The American Society of Addiction Medicine defines addiction like this: “Addiction is a primary, chronic disease of brain reward, motivation, memory and related circuitry. Dysfunction in these circuits leads to characteristic biological, psychological, social and spiritual manifestations. This is reflected in an individual pathologically pursuing reward and/or relief by substance use and other behaviors.
Addiction is characterized by inability to consistently abstain, impairment in behavioral control, craving, diminished recognition of significant problems with one’s behaviors and interpersonal relationships, and a dysfunctional emotional response. Like other chronic diseases, addiction often involves cycles of relapse and remission. Without treatment or engagement in recovery activities, addiction is progressive and can result in disability or premature death.” 
Like other chronic disorders, risks for developing the disease of addiction are complex, and include genetic and environmental factors.
Opioid addiction is highly heritable, which means the genes we inherit play a strong role in determining who develops this disease. Experts estimate opioid addiction heritability at about 70%, meaning more than half the risk of getting this disease is genetic.
Now let’s talk specifics.
We all have genes that code for the structure and function of the mu opioid receptor. This receptor, when acted upon by an opioid medication, activates cellular events that create pain relief and euphoria. One gene for the opioid receptor is called OPRM1. This gene varies a little bit between people, and the varieties are called polymorphisms, from the Greek for “many forms.” In other words, my gene for the opioid receptor may be different from another person’s gene for this same receptor. Plus, each person has two copies of each gene, so I inherited one polymorphism from my dad and one from my mom, and they could be the same form of the gene or slightly different forms of this same gene. These two forms of the same gene are called “alleles.””
We know that one polymorphism of the OPRM1 gene, called 118A>G, found in around 15% of whites, causes a three-fold increase in binding of endorphins, our bodies’ natural opioids. This gene is associated with an increased risk of addiction to opioids, and variations of responses to opioids.
This means that someone with the AG variety of the OPRM1 gene is more likely to become addicted to opioids, and the sensation that person gets when taking opioids is different from people with other forms of this gene.
Still, association doesn’t necessarily mean causation. We still don’t have enough evidence to say this gene causes opioid addiction, though the gene’s presence is at least associated with opioid addiction.
Let’s turn now to the COMT gene. This gene codes for catechol-o-methyltransferase, which is an enzyme which metabolizes catecholamines in the nervous system.
Catecholamines are the chemicals in the body that are all made from the amino acid tyrosine, and the most common are epinephrine, norepinephrine, and …our old friend dopamine, the pleasure chemical.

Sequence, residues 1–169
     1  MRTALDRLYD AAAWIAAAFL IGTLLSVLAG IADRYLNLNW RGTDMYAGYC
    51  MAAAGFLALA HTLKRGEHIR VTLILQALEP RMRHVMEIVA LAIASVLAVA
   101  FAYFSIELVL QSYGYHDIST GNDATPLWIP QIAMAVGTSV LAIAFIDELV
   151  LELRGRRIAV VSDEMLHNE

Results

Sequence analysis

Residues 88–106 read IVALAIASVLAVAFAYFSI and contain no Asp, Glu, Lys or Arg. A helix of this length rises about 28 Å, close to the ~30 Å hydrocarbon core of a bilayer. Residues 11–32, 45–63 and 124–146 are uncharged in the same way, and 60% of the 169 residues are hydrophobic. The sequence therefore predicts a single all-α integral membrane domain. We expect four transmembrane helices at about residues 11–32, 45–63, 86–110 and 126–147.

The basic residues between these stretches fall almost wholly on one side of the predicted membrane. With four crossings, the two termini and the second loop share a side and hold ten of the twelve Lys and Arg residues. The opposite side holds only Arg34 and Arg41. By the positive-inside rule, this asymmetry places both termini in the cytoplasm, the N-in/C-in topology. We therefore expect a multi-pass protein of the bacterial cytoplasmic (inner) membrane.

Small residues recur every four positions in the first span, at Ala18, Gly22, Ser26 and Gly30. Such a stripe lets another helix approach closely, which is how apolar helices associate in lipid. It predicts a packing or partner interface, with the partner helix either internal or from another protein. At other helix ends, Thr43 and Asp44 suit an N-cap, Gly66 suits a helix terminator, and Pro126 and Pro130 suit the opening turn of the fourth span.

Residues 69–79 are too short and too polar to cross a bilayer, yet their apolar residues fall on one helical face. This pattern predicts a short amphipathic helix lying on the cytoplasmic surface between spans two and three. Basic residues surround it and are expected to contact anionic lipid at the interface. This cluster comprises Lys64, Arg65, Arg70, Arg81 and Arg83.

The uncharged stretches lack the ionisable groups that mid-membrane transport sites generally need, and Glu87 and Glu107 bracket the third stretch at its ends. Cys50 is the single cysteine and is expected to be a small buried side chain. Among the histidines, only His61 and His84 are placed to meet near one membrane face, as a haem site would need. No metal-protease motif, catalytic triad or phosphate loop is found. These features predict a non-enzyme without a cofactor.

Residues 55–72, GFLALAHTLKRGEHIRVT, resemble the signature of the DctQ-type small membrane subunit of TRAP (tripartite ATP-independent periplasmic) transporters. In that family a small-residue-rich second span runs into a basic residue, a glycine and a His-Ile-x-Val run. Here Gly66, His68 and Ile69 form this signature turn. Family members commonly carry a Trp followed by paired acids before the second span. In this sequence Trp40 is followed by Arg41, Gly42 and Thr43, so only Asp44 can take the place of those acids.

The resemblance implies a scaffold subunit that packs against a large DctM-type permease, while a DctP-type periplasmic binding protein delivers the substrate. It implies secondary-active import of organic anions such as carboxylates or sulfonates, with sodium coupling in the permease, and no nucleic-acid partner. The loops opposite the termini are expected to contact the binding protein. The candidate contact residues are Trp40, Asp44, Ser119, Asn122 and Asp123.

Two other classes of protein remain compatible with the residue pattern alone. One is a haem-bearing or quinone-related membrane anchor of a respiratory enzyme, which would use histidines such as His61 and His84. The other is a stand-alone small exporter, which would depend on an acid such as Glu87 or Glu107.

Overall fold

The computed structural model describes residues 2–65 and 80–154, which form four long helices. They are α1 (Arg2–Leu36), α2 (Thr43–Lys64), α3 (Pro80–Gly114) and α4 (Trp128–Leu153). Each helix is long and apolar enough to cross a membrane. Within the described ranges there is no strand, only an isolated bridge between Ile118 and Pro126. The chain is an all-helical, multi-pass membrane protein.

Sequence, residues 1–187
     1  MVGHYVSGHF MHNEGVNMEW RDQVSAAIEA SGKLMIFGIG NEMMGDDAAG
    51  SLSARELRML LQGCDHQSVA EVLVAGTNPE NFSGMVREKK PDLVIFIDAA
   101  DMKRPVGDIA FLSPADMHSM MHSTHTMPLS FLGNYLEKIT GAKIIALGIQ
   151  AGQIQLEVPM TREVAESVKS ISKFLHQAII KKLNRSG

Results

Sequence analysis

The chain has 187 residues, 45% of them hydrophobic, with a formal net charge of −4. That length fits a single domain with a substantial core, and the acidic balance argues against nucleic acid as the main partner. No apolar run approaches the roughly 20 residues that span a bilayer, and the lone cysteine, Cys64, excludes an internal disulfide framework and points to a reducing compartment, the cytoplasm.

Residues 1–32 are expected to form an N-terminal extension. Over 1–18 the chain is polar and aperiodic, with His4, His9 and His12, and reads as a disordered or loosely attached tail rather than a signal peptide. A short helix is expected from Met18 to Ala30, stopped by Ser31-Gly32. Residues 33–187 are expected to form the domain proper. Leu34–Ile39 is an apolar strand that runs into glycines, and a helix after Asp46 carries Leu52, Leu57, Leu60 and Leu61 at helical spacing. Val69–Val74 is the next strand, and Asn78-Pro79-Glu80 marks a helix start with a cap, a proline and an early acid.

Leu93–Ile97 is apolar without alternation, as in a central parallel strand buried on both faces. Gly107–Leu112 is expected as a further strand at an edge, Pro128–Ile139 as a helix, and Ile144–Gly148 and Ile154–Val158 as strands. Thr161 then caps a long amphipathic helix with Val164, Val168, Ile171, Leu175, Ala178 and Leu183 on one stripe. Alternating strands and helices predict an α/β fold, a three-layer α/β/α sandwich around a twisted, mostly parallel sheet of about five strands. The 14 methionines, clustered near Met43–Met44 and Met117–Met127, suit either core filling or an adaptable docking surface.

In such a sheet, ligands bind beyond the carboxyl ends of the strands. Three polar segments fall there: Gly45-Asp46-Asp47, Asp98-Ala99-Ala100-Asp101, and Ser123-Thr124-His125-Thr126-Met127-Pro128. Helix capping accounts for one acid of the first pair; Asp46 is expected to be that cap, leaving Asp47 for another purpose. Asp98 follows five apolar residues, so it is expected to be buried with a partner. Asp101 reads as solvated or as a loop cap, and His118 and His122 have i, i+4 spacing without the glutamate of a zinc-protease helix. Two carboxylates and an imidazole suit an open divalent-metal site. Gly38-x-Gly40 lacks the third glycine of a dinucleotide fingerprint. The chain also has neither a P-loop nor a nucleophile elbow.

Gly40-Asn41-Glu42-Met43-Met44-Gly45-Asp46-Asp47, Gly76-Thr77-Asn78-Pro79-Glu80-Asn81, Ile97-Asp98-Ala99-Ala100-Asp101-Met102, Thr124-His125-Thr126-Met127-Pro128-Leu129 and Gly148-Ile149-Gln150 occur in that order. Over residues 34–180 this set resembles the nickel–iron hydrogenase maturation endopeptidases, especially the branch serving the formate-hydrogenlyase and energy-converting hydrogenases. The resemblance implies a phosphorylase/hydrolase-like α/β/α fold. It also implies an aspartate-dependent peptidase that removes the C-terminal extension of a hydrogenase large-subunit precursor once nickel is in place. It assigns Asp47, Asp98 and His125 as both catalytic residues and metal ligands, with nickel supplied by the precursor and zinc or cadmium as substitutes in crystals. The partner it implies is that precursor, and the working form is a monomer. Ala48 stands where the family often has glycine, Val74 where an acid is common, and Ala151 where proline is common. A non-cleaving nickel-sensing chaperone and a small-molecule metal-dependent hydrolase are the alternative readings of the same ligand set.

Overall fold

Epi- and norepinephrine are the fight or flight chemicals released when we are stressed. Dopamine is the chemical released in the pleasure centers of the brain when we do pleasurable things like eat or have sex. Or use addicting drugs like opioids, nicotine, alcohol, benzodiazepines, cocaine, methamphetamine, or marijuana.
This COMT enzyme inactivates catecholamines including dopamine. Just like the gene coding for the opioid receptor, this gene has different varieties, or polymorphisms. At least one polymorphism is associated with upregulation of mu opioid receptors. Past studies have shown people with this polymorphism need more morphine to treat pain than people without this polymorphism. This difference may also influence the risk of opioid addiction.
Our genetics are not our destiny, however. Certain genes make addiction more likely, but there are others factors that influence risk.
For example, let’s say Jane Doe inherited all of the genes that are associated with increased risk for opioid addiction. Let’s say she got a genetic double whammy, and inherited risky genes from both sides of the family. But Jane grew up in an area where illicit opioids can’t be found. Jane remained healthy, and never had to take opioids in her whole life. Now at age 80, she’s never developed opioid addiction, even though she’s always been at much increased risk than the average person.
Let’s say Jane has a friend named Mary, who inherited all the genes that put her at low risk for addiction. But she was plagued with painful medical problems that required prescription opioids for a few years as a teenager. She also grew up in an area where adolescents had access to a wide variety of drugs including opioids. Because she missed high school often due to her medical condition, she made low grades in school. As a result, she became discouraged with school and started hanging out with drug -using peers. Eventually, Jane started misusing opioids and eventually she developed opioid addiction.
This example illustrates how environmental factors interact with genetic factors to influence risk of addiction, as ASAM pointed out in their definition of addiction.
Let’s remember people face all kinds of environmental and genetic challenges. Stress and negative life experiences increase the risk of addiction. Before we judge someone for having an addiction, let’s remember we don’t know what genetics that person has, or what challenges they’ve faced.
Anyone can become addicted to opioids, given the right circumstances.